Isolating HTML content from CSS and Javascript

As for the CSS inline, HTML content should not know about CSS rules nor Javascript listeners. Being isolated, it can be reused across multiple HTML files once the application starts growing more.

As such, the representation of our HTML content could be as follows:

<head>                                                                        
  <style>                                                                     
    h1 {                                                                      
      color: red;                                                             
    }                                                                         
  </style>                                                                    
</head>                                                                       

<h1>Hey, 42!</h1>  <---- isolated from CSS flavour                                                            
<button>Change color to blue</button> <---- isolated from Javascript flavour                            

<script>                                                                      
 function changeTitleColor() {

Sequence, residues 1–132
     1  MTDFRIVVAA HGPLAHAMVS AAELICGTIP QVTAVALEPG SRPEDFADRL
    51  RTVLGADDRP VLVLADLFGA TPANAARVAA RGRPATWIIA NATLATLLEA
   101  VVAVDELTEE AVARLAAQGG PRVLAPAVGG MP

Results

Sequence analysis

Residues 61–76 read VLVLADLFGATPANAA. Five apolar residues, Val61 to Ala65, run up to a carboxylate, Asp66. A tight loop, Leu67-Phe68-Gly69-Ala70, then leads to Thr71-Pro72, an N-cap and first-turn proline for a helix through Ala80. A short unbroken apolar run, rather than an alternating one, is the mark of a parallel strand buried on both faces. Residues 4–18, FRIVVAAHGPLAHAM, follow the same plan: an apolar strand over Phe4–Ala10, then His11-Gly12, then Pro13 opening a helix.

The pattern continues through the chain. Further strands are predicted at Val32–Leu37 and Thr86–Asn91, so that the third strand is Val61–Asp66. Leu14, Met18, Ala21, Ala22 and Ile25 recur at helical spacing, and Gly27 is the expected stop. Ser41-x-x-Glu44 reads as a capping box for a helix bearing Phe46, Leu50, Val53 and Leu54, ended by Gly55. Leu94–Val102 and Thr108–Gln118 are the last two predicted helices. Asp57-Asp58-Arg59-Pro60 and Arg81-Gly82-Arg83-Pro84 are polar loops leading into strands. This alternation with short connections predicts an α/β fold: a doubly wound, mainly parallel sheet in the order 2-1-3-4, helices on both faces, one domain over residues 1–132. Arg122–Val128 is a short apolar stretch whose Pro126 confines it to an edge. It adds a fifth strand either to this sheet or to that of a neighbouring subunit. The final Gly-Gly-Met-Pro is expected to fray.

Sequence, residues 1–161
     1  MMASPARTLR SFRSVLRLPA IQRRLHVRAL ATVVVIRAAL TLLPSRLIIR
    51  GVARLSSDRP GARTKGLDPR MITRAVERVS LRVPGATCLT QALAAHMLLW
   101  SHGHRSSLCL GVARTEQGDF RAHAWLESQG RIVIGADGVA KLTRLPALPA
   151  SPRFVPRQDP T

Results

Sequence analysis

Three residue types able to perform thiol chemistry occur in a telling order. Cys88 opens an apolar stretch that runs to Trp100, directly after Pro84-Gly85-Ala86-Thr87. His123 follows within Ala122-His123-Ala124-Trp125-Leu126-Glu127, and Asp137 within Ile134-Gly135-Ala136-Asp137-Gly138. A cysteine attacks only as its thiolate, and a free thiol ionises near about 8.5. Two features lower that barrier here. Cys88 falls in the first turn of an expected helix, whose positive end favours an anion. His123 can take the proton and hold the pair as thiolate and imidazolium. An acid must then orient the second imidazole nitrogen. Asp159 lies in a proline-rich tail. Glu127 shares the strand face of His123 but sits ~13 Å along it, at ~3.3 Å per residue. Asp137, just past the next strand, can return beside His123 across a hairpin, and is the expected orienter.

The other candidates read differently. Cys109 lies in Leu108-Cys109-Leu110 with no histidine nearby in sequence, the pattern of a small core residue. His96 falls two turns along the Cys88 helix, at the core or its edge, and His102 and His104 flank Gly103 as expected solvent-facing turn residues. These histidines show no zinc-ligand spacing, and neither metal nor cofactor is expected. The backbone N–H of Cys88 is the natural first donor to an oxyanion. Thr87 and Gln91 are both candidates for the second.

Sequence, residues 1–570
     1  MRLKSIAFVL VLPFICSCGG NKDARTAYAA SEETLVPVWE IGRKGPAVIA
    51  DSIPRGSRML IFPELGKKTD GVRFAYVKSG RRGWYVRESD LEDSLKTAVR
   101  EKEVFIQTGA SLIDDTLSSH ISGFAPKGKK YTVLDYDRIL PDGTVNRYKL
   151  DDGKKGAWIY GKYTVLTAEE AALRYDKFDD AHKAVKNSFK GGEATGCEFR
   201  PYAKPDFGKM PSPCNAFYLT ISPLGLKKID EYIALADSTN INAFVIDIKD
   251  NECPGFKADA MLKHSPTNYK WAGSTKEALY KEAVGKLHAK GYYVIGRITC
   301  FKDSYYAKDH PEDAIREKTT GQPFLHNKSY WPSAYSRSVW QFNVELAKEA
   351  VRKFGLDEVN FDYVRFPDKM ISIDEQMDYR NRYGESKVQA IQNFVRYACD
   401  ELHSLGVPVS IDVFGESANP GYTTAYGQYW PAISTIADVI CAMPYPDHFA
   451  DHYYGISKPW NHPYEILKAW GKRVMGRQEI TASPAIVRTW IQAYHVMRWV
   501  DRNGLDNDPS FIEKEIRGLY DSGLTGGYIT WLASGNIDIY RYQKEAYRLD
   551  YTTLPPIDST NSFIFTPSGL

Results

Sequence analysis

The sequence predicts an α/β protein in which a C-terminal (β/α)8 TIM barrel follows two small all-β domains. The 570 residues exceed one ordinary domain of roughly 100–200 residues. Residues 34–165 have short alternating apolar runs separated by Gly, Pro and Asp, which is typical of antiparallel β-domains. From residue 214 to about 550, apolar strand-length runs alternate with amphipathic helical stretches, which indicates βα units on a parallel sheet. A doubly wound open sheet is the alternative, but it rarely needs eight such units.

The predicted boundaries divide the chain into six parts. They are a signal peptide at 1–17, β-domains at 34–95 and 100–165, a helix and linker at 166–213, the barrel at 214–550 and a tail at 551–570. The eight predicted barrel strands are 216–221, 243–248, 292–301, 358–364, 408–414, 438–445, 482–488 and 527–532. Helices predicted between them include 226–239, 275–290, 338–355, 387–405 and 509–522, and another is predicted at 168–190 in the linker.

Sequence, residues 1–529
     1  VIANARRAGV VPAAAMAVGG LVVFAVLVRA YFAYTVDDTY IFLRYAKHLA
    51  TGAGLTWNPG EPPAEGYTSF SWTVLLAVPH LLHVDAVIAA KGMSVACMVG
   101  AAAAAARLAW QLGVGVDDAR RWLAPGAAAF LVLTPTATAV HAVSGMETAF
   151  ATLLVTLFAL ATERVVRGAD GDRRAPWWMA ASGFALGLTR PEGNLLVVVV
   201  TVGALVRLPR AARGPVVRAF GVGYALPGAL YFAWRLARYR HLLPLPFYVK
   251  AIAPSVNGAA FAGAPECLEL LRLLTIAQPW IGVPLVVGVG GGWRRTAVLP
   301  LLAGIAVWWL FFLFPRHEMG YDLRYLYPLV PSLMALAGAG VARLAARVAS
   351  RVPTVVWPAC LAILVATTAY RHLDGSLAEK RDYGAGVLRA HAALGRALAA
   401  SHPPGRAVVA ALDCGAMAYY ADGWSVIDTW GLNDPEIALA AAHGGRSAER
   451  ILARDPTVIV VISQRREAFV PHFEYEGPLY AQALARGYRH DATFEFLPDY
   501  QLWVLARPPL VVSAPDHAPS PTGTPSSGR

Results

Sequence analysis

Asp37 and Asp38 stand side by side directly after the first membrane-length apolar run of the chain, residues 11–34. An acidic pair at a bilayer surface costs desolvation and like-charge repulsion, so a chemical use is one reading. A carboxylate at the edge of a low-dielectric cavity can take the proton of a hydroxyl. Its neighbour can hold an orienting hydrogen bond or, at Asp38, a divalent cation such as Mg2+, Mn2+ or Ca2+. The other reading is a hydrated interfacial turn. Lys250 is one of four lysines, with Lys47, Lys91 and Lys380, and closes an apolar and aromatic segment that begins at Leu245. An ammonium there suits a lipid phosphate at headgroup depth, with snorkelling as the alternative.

let title = document.querySelector('h1');                                  
   title.style.color = 'blue';                                                
 }                                                                            

 document.querySelector('button').addEventListener('click', changeTitleColor);
</script>
  • CSS placed under head
  • HTML isolated from CSS and Javascript
  • Javascript placed under script

This approach will allow us in the future to even import CSS and Javascript from different files*, so that we would end up having a file for HTML, other for CSS and yet another for Javascript!

Let's see it in action. In the server.rb, we define a "string template" for our structured HTMl, which now is much more rich and complex:

server.rb

require 'socket'                                                               

socket = TCPServer.new(80)                                                     

template = <<STR                                                               
<head>